Born on March 30, 1937
From Richmond, Virginia
Warren Beatty as "Sen. Jay Billington Bulworth"
Jay Bulworth (Warren Beatty), a financially ruined senator, is now disillusioned with politics. The forlorn statesman orders a contract killing -- the target himself -- so his family will be able to collect a fortune from his insurance policy. Facing imminent death, a devil-may-care Bulworth speaks his mind in public, forsaking platitudes for honest but controversial observations. But when he falls in love with a hip young woman (Halle Berry), Bulworth urgently rethinks his impending murder.
|Golden Globe (1998)||Nominated||Best Performance By an Actor in a Motion Picture - Comedy or Musical|
Warren Beatty as "Bugsy Siegel"
New York mobster Benjamin "Bugsy" Siegel (Warren Beatty) leaves New York City to dip into the glamour of Hollywood, Calif., and to build up syndicate gambling rackets. Bowled over by actress Virginia Hill (Annette Bening), the dapper Siegel courts her, despite having a wife and children. Obsessed with creating a gambling haven, Siegel takes racketeering to the Nevada desert and helps develop Las Vegas, only to find himself in deep water over his reckless construction of the Flamingo Hotel.
|Academy Award (1991)||Nominated||Actor in a Leading Role|
|Golden Globe (1991)||Nominated||Best Performance By an Actor in a Motion Picture - Drama|
Warren Beatty as "John Reed"
American journalist John Reed (Warren Beatty) journeys to Russia to document the Boleshevik Revolution and returns a revolutionary. His fervor for left-wing politics leads him to Louise Bryant (Diane Keaton), then married, who will become a feminist icon and activist. Politics at home become more complicated as the rift grows between reality and Reed's ideals. Bryant takes up with a cynical playwright (Jack Nicholson), and Reed returns to Russia, where his health declines.
|British Academy of Film & Television Arts (1982)||Nominated||Actor|
|Academy Award (1981)||Won||Directing|
|Academy Award (1981)||Nominated||Actor in a Leading Role|
|Golden Globe (1981)||Nominated||Best Performance By an Actor in a Motion Picture - Drama|
|Golden Globe (1981)||Won||Best Director - Motion Picture|
Warren Beatty as "Joe Pendleton"
Joe Pendleton (Warren Beatty), quarterback for the Los Angeles Rams, is killed in an auto accident. In the afterlife, Joe discovers that his guardian angel (Buck Henry) has taken him from his body prematurely, and he is due many more years on earth. Unable to return to his body, Joe assumes the form of greedy multimillionaire industrialist Leo Farnsworth. As Farnsworth, Joe attempts a return to football and falls in love with environmental activist Betty Logan (Julie Christie).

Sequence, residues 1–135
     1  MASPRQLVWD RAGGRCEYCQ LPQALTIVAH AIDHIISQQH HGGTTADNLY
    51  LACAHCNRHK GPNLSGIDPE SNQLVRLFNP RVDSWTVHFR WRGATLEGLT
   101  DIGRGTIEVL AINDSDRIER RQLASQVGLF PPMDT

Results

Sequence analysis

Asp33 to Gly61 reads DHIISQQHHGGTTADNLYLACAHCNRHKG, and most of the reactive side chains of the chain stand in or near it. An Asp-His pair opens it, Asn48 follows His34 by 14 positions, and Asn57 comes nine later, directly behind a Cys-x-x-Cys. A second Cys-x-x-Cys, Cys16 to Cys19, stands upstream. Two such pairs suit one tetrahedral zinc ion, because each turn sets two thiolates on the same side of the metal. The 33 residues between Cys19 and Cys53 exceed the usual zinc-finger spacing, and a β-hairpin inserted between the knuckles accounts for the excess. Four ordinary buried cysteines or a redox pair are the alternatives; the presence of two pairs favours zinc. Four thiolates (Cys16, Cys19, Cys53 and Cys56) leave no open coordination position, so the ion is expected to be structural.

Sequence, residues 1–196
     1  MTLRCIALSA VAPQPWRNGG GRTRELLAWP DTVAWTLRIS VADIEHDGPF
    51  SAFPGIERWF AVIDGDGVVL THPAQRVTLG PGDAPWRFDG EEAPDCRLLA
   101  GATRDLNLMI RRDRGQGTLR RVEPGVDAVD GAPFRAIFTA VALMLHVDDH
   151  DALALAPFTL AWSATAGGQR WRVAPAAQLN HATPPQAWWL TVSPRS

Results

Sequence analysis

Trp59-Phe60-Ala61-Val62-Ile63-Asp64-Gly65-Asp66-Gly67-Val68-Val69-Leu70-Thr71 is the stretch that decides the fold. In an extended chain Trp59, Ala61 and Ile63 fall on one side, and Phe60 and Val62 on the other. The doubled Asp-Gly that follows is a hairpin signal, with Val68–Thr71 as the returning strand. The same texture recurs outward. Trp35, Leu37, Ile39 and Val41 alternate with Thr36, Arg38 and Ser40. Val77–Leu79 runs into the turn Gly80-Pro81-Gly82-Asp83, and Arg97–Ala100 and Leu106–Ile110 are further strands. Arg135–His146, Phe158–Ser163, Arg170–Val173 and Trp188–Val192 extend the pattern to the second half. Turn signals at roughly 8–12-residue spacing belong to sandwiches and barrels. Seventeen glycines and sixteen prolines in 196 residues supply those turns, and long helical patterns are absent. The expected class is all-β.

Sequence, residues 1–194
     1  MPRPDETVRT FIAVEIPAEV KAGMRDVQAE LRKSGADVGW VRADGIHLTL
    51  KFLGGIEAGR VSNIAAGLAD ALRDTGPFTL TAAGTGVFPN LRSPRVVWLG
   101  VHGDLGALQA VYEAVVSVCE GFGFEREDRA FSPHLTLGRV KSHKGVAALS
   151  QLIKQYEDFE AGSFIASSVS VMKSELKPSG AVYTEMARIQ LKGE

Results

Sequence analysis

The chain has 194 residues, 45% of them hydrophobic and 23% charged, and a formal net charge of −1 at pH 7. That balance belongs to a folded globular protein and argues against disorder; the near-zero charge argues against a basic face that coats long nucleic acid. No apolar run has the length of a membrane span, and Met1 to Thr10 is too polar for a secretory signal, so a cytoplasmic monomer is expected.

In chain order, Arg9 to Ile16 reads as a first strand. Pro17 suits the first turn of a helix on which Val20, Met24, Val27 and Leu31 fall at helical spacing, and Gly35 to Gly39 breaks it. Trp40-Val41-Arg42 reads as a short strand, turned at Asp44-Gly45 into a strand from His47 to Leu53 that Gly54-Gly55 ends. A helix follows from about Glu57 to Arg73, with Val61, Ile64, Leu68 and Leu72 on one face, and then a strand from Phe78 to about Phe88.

|Academy Award (1978)||Nominated||Directing|
|Academy Award (1978)||Nominated||Actor in a Leading Role|
|Golden Globe (1978)||Won||Best Performance By an Actor in a Motion Picture - Comedy or Musical|
Warren Beatty as "George Roundy"
Against the backdrop of Nixon's election to office, Beverly Hills hairdresser and notorious rake George Roundy (Warren Beatty) runs into trouble when his lascivious habits begin to clash with his more responsible business ambitions. Things get even more complex when Roundy asks his wealthy mistress, Felicia Karpf (Lee Grant), for a business loan, unaware that his best friend and ex-girlfriend, Jackie (Julie Christie), is sleeping with Karpf's husband, Lester (Jack Warden).
|Golden Globe (1975)||Nominated||Best Performance By an Actor in a Motion Picture - Comedy or Musical|
Warren Beatty as "Clyde Barrow"
Small-time crook Clyde Barrow (Warren Beatty) tries to steal a car and winds up with its owner's daughter, dissatisfied small-town girl Bonnie Parker (Faye Dunaway). Their crimes quickly spiral from petty theft to bank robbery, but tensions between the couple and the other members of their gang--hapless driver C.W. (Michael J. Pollard), Clyde's suave older brother Buck (Gene Hackman) and Buck's flibbertigibbet wife, Blanche (Estelle Parsons) --could destroy them all.
|Academy Award (1967)||Nominated||Actor|
|British Academy of Film & Television Arts (1967)||Nominated||Foreign Actor|
|Golden Globe (1967)||Nominated||Best Performance By an Actor in a Motion Picture - Drama|
Warren Beatty as "Bud Stamper"
Bud (Warren Beatty) and his high school sweetheart, Deanie (Natalie Wood), are weighed down by their parents' oppressive expectations, which threaten the future of their relationship. Deanie's mother (Audrey Christie) and Bud's father (Pat Hingle) caution their children against engaging in a sexual relationship, but for opposing reasons: Deanie's mother thinks Bud won't marry a girl with loose morals, while Bud's father is afraid of marriage and pregnancy that would ruin Bud's future at Yale.
|Golden Globe (1961)||Nominated||Best Performance By an Actor in a Motion Picture - Drama|